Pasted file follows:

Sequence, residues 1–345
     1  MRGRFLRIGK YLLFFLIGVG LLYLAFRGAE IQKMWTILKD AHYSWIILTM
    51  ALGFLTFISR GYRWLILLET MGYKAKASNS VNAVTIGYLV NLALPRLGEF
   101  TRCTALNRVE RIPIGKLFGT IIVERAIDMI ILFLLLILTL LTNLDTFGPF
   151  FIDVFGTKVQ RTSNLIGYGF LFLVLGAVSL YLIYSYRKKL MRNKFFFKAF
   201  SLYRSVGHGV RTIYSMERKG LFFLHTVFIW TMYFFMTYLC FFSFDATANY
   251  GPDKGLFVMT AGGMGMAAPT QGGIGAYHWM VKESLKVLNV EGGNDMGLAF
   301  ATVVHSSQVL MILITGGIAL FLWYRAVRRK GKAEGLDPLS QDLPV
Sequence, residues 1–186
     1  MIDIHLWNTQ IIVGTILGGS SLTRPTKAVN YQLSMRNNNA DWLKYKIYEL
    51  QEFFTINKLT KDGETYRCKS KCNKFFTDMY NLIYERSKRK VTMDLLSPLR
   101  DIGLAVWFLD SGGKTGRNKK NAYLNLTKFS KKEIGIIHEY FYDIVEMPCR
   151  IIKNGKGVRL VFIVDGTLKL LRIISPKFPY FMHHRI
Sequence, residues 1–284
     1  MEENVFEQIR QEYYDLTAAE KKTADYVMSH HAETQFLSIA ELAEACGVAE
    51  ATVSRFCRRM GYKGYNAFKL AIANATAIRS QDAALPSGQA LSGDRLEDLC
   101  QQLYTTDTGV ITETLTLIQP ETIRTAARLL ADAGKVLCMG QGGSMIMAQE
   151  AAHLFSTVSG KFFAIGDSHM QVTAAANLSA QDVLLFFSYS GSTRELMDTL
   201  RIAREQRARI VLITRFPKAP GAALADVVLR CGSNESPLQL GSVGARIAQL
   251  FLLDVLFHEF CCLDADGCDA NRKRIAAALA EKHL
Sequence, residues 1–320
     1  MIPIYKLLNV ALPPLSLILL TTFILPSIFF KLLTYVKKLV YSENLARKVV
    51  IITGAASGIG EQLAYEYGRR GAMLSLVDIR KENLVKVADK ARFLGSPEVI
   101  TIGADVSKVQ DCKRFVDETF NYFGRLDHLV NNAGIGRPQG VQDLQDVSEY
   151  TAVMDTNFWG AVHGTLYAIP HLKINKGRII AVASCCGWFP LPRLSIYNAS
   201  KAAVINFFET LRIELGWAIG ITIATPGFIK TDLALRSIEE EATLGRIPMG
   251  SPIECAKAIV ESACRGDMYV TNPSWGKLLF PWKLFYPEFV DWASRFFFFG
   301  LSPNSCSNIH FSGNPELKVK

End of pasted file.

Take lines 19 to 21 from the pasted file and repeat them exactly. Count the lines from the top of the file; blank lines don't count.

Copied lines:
   201  RIAREQRARI VLITRFPKAP GAALADVVLR CGSNESPLQL GSVGARIAQL
   251  FLLDVLFHEF CCLDADGCDA NRKRIAAALA EKHL
Sequence, residues 1–320